Of course, the real problem is the name – Global warming. For example, because of an extended heatwave in the northern climes, the ice north pole is melting faster than ever and the nearby tundra is thawing rapidly. At one point it was thought that a warmer tundra would promote moss growth which would form peat bogs. This could moderate the rate of climate change by removing large amounts of carbon dioxide from the atmosphere and thus slowing atmospheric heat accumulation.

Ah. but life is not so simple. In parts of Siberia, the thawed, warmed, tundra is now burning. Fires in the Arctic are now the largest ever in recorded history. The Siberian taiga, what we call the boreal forests in the western hemisphere are burning and north of them the actual peat of the tundra. Underlying the tundra is permafrost of normally frozen organic-rich soil. As it thaws from the fires above it releases methane which may or may not catch fire as it is released. Regardless, methane itself is a greenhouse gas.

The release of the methane and carbon dioxide from the burning peat above the thawing permafrost will act in a vicious cycle known as positive feedback – as more greenhouse gasses are released, more heat is produced which causes the release of even more greenhouse gasses. All this of course increases the rate of climate change.

Global tropical storms, especially in the central and western pacific have had a somewhat average season with the exception of Cyclone Amphan which hit the Bay of Bengal, killing over a hundred and causing the greatest amount of damage, in excess of one hundred billion US dollars worth of damage in Bangladesh.

Obviously most eyes have been on the Covid-19 pandemic but the relentless planetary degradation due to global warming is marching on and cannot or should not be ignored. Heating of land magnifies the number of deadly heat waves and fires just like heating of water can produce more deadly storms.

Dr. Bob Allen is Emeritus Professor of Chemistry, Arkansas Tech University.

The Anthropause

Scientists, especially those who deal with long time scales, tend to demark the passage of time that somehow defines a chunk of time. Eons are the longest time spans. The first is described as the Hadean, the first 600 million years defining the formation of the earth. Eons are divided into Eras, then Periods, Epochs, and Ages.

The Carboniferous Period as just one example is a roughly 60 million year period during which the planet was very warm and resulted in the formation of much of the coal on the planet due to photosynthetic removal of carbon from the atmosphere.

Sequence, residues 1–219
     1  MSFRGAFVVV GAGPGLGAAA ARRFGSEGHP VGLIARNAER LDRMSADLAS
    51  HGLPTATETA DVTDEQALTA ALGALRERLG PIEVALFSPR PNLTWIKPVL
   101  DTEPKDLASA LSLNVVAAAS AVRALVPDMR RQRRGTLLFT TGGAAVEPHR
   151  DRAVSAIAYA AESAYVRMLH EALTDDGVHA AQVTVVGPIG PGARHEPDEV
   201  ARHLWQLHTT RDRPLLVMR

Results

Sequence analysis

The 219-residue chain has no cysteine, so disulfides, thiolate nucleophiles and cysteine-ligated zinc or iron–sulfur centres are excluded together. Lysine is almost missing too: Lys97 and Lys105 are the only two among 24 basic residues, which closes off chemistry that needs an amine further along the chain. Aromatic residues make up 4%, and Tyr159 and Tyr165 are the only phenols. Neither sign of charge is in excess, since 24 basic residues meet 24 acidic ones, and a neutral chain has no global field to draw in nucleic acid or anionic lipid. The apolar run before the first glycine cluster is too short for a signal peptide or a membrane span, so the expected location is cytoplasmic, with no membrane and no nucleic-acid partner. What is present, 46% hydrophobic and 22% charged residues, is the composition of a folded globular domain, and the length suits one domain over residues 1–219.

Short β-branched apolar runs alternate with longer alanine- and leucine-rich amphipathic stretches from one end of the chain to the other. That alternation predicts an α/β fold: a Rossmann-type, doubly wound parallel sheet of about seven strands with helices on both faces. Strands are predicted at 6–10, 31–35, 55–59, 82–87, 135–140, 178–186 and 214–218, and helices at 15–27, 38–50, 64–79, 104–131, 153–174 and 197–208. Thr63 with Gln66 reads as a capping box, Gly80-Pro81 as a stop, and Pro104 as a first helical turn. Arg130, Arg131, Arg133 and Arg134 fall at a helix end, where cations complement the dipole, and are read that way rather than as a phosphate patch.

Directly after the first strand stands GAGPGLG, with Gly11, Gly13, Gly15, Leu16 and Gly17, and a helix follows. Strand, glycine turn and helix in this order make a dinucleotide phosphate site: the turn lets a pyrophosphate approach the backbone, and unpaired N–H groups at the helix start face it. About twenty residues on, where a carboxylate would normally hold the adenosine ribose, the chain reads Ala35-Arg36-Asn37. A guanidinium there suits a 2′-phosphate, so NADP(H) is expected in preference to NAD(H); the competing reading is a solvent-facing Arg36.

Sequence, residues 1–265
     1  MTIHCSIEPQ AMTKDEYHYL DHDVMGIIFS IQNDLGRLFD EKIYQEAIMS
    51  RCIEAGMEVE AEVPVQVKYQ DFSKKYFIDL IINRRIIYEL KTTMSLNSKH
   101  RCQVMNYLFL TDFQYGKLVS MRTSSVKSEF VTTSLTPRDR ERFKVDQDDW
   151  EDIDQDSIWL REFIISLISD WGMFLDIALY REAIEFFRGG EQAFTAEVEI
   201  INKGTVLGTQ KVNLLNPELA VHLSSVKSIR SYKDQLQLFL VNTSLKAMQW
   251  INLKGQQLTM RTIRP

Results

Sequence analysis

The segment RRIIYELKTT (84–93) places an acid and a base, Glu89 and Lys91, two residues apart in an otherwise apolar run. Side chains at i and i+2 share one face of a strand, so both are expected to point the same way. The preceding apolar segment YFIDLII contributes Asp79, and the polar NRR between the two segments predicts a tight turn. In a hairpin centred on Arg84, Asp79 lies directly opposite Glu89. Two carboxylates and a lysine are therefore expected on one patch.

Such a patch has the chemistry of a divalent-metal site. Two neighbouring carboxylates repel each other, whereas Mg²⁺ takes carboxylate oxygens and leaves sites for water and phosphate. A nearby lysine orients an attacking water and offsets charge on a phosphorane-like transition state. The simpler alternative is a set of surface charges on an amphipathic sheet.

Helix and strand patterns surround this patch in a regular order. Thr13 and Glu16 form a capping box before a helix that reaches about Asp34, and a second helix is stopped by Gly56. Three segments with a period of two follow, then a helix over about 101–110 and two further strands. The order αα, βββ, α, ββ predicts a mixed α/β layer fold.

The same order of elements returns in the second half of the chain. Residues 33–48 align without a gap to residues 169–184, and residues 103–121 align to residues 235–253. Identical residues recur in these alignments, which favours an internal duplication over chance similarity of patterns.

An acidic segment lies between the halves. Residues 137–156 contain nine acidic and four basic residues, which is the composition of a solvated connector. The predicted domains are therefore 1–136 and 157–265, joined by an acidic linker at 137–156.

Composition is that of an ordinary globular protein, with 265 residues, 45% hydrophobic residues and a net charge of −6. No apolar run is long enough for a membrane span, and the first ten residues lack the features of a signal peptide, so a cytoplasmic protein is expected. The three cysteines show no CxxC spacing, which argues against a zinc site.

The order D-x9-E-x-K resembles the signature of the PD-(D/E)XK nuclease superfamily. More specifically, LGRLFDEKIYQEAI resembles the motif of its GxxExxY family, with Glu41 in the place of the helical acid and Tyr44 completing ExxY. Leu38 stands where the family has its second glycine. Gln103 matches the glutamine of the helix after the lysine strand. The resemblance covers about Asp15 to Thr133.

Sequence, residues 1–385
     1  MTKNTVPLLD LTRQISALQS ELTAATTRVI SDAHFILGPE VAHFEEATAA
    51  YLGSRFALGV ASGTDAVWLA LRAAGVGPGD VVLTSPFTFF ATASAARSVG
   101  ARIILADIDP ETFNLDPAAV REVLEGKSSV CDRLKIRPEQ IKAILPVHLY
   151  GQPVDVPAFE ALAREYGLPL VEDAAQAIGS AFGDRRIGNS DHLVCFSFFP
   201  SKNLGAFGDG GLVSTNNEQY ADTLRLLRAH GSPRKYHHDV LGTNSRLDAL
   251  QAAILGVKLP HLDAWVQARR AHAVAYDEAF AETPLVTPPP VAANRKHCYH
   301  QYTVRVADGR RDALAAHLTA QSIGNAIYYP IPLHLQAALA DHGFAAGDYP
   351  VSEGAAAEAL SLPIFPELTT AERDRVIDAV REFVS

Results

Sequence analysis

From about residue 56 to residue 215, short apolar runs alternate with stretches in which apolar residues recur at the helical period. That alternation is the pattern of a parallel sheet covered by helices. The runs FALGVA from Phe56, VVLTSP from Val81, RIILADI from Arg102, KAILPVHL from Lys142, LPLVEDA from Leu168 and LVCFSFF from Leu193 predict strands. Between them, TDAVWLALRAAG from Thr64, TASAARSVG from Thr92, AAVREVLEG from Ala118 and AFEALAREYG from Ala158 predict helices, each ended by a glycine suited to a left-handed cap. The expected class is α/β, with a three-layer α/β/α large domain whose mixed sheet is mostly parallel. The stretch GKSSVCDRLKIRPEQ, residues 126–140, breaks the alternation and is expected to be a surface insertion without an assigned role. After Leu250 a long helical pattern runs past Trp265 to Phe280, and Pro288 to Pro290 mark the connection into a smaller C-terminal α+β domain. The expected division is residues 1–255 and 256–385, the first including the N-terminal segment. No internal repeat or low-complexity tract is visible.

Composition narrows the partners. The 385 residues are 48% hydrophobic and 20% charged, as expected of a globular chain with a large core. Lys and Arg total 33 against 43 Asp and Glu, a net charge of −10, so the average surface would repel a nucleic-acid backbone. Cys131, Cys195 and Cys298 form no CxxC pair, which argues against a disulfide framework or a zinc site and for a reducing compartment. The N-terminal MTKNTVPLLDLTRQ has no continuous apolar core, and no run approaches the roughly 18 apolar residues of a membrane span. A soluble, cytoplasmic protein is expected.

The time of dinosaurs is known as the Jurrasic Period, divided into three different Epochs. Our current Epoch is the Holocene which incorporates the time since the end of the last glaciation about 12,000 years ago. The current Age within this Epoch has come to be called the “Anthropocene” which roughly means the period of human influence.

Now, due to the global pandemic and resultant slowing of human activity, some have described our current time as an “Anthropause. “

Global tourism has been radically reduced not just in cultural centers such as cites but also in parks and natural areas. Locales normally frequented by humans have recently been left to wildlife as shown by both urban cameras and trail cams in rural areas. As a result, many wildlife scientists are scrambling to study the movements and actions of life in the temporary absence of humans.

A number of unique experiments are in progress. In Manitoba, Canada ornithologists are studying birds near now much quieter airports. Also, studies are examining low flying birds near highways to see if behavior is changing, albeit for short periods.

Ecologists at the Galapagos Marine Reserve are studying the movements of shy fish that now can move about in the absence of tourists engaged in diving and snorkeling. In the French Polynesian Islands, the impact of extended darkness near seaside hotels is being examined.

Even the open oceans are ripe for study. Reduced tourism and shipping may have an impact on whales. A research group off the coast of Monterrey, CA is collecting samples of whale blubber via specially designed crossbows. The blubber will reveal among other things the amount of cortisol in the animals, an indicator of stress.

Endangered species such as large mammals; rhinoceros, elephants, etc. may be at greater risk from poaching due to the absence of tourists. Although this research is happening during a time of great expense to both human life and the global economy, it is a once in a lifetime pause or at least hopefully so.

Dr. Bob Allen is Emeritus Professor of Chemistry, Arkansas Tech University.